Sarkozy moves to free Frenchwoman in Iran


French President Nicolas Sarkozy is working to secure the release of a French academic standing trial in Tehran over espionage charges, his office says.

“He is increasing his contacts with people who have the influence to bring this affair to a rapid conclusion and secure her release. That is the main priority in this case,” an advisor told reporters on Monday.

The 24-year-old French teaching assistant Clotilde Reiss as well as French embassy staffer Nazak Afshar are among hundreds of defendants tried on various charges after the re-election of Iranian President Mahmoud Ahmadinejad in the June 12 poll triggered widespread protests across the country.

Reiss, a lecturer at the Isfahan Technical University, told an Iranian court on Sunday that she had written about Iran’s nuclear power program as well as the post-vote developments for the French Embassy in Tehran.

France has denied that Reiss was a spy.

“Do you think my country would be so naive and shorthanded as to send a 23-year-old woman to spy in Iran? That’s stupid, it’s not possible,” French Foreign Minister Bernard Kouchner told reporters during a recent visit to Lebanon.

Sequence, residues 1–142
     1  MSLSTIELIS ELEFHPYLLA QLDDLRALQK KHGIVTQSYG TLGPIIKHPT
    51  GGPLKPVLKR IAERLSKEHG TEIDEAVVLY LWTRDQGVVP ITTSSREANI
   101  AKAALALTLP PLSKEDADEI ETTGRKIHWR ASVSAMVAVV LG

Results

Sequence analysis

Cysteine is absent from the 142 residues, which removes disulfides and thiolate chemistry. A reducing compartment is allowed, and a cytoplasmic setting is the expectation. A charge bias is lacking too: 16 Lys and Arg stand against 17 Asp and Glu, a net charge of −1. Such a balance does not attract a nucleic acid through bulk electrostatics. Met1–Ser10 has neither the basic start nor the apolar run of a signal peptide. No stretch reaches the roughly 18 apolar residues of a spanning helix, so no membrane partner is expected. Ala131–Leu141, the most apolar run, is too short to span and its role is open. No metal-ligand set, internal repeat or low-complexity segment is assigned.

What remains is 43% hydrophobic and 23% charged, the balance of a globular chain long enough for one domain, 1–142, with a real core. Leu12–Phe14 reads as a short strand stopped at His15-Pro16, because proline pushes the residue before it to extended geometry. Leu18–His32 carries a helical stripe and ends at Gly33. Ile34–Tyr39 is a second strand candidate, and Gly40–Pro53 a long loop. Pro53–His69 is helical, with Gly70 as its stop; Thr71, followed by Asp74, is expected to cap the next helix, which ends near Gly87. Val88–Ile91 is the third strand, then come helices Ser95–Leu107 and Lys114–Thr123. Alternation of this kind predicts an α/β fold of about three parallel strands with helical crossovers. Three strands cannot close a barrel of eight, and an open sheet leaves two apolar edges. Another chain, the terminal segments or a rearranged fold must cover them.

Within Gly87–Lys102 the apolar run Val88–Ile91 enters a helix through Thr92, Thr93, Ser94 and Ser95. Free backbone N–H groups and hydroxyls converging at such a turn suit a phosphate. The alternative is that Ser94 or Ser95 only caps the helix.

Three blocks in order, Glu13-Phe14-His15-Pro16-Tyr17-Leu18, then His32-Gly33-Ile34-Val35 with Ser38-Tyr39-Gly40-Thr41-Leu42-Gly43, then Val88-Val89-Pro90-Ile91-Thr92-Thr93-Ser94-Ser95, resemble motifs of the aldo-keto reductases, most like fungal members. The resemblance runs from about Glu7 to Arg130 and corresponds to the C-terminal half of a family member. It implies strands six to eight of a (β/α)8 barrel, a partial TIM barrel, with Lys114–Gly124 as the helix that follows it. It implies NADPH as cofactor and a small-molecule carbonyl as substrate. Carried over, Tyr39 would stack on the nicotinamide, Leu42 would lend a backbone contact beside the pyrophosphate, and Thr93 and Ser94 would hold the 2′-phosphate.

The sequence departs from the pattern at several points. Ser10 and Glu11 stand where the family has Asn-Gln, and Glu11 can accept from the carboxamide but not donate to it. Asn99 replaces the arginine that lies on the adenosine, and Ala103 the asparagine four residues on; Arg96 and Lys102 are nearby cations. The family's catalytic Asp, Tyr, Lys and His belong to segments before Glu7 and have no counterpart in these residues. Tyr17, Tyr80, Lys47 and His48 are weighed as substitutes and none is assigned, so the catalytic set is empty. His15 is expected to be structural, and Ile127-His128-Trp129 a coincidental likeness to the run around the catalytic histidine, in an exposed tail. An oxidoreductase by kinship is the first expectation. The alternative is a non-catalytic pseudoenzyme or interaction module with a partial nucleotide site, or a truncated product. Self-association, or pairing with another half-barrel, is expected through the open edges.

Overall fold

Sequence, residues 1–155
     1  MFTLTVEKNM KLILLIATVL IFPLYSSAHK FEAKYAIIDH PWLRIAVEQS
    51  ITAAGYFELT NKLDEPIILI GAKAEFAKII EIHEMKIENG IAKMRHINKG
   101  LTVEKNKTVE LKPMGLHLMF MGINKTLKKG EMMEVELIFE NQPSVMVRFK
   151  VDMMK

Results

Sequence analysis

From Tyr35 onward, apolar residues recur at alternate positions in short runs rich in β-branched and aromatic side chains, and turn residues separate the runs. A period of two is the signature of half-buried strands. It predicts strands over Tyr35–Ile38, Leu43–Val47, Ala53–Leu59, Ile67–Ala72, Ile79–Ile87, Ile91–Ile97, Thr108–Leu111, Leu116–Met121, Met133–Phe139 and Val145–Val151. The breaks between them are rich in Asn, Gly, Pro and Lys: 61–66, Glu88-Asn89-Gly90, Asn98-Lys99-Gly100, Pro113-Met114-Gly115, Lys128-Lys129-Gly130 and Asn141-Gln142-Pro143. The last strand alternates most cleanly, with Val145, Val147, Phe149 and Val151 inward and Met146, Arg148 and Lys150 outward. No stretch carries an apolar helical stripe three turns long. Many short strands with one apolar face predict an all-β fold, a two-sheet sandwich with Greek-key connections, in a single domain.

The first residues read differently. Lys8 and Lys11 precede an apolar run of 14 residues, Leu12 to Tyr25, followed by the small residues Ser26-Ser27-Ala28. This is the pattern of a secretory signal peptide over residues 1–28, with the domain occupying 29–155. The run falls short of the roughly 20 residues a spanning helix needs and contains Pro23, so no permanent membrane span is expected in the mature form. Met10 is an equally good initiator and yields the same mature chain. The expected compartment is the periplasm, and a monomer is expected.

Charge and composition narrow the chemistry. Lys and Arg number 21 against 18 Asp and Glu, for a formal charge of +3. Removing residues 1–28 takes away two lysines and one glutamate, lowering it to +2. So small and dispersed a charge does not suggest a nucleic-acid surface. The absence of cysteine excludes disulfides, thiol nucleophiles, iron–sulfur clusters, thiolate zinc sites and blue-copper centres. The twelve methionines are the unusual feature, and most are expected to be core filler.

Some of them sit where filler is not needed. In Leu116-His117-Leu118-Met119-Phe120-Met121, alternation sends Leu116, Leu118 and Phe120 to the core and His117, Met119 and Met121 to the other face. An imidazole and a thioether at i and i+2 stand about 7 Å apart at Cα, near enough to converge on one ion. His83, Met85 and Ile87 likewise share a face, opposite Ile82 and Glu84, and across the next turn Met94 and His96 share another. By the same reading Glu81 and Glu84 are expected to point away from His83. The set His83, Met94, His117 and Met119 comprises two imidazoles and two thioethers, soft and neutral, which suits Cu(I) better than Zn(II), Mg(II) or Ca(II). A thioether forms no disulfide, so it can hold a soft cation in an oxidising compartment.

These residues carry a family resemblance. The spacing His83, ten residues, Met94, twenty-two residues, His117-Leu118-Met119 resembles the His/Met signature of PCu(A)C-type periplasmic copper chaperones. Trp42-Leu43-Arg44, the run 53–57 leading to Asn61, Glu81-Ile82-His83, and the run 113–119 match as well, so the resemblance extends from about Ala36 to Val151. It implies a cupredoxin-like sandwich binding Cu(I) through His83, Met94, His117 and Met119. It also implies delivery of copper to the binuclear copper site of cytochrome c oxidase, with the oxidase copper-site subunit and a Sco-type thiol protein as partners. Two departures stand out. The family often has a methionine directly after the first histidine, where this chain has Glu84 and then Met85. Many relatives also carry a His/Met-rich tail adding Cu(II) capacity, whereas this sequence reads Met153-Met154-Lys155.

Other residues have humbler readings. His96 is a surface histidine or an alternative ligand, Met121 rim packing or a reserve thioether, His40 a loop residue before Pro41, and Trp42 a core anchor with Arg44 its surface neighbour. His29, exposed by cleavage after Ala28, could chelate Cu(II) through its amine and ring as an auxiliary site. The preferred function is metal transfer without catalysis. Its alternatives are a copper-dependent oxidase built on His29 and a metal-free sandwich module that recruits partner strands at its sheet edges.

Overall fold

Iran blames foreign countries of inciting the violent post-election unrest. France, for its part, denies the charges.

However, in an interview with a French paper, Kouchner defended its Tehran embassy’s readiness to give refuge to injured Iranian protesters fleeing police.

“What was said Saturday was true. If protestors, who were being chased had sought refuge in the French Embassy, the instruction was to open the door,” Kouchner told the Le Parisien/Aujourd’hui en France newspapers on Monday.

“This is a European order. This is in our humanitarian and democratic tradition,” he added.

France and the European Union have criticized the response to days of opposition protests in Iran that left at least 30 people dead.

On July 6, Sarkozy strongly criticized Tehran, saying Iranians “deserve better than the leaders they have today.”

Supporters of defeated presidential candidates say the results were rigged. Iranian authorities, however, have rejected any allegations of fraud in the disputed presidential election.

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